If you’re in a custody dispute with your child’s mother, you may wonder, do mothers have more rights than fathers? Legally, the answer to this question is “no.” Mother’s don’t have more rights than fathers. Under New Jersey’s child custody law, both parents start out on the same footing.
The idea of favoritism towards women in custody decisions may be an echo of times past when, traditionally, mothers stayed home to care for children while fathers were wage earners. Today many women work and more and more men are primary caregivers to their kids. Still, sometimes historical norms can be hard to get past and it can leave fathers feeling like they aren’t getting equal consideration.
But the law is on your side, so it’s important to get legal counsel if you believe your rights as a parent are being violated.
The Rights of Mothers and Fathers Are Equal under New Jersey Law
New Jersey law NJSA 9:2-4 states, “In any proceeding involving the custody of a minor child, the rights of both parents shall be equal…”
Under the law, the key issue in custody decisions isn’t whether a parent is a mother or father, it’s what’s in the child’s best interests. The court considers a variety of factors in determining what custody arrangements are in a child’s best interests (NJSA 9:2-4(c)). Some of the factors include:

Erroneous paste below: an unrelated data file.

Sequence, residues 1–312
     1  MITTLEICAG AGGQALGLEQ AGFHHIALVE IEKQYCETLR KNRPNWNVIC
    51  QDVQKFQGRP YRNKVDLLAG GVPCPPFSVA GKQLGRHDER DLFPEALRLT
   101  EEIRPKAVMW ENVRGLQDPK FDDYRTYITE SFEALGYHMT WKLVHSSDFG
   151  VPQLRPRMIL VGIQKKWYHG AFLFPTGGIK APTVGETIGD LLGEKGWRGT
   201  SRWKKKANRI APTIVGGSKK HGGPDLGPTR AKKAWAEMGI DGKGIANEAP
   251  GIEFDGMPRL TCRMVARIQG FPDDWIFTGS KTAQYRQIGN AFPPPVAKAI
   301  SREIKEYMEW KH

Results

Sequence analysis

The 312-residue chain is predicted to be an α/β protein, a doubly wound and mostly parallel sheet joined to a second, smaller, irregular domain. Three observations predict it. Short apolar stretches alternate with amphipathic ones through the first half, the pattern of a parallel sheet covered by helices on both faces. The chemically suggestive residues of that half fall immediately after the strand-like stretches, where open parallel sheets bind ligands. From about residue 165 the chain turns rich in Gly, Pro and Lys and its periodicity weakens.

- Whether parents can agree and cooperate in matters related to children
- The stability of home environments
- The proximity of parents’ homes to each other
- The amount and quality of time each parent spent with the child prior to the breakup of the marriage
- Whether domestic violence was an issue
- Parents’ employment responsibilities
- Children’s educational concerns
- The child’s preferences if they are old enough and mature enough to decide
The Presumption is Children Benefit with Both Parents in Their Lives
The courts presume children will benefit when both parents are part of their lives. According to the law, it’s the policy of the state “to assure minor children of frequent and continuing contact with both parents after the parents have separated or dissolved their marriage.”
Types of custody the courts may award toward the goal of frequent and continuing contact with both parents include:
- Legal custody, which allows parents to make major decisions for the child, such as about their medical care, education and other areas.
- Residential or physical custody, which refers to how much time a child lives with a parent and the parent’s ability to make practical, daily decisions about their life.
Both legal and physical custody can be shared in various ways. However, if a parent doesn’t want to be part of a child’s life or has serious issues hindering their ability to care for a child, that parent may not have either type of custody. Sole legal and physical custody may be awarded to one parent, with possible limited and potentially supervised visitation for the other parent.
Unmarried Fathers Must Prove Paternity to Have Parental Rights
A caveat to the question of whether mothers have more rights than fathers involves unmarried parents. When parents are unmarried, paternity must first be established. How do you prove paternity?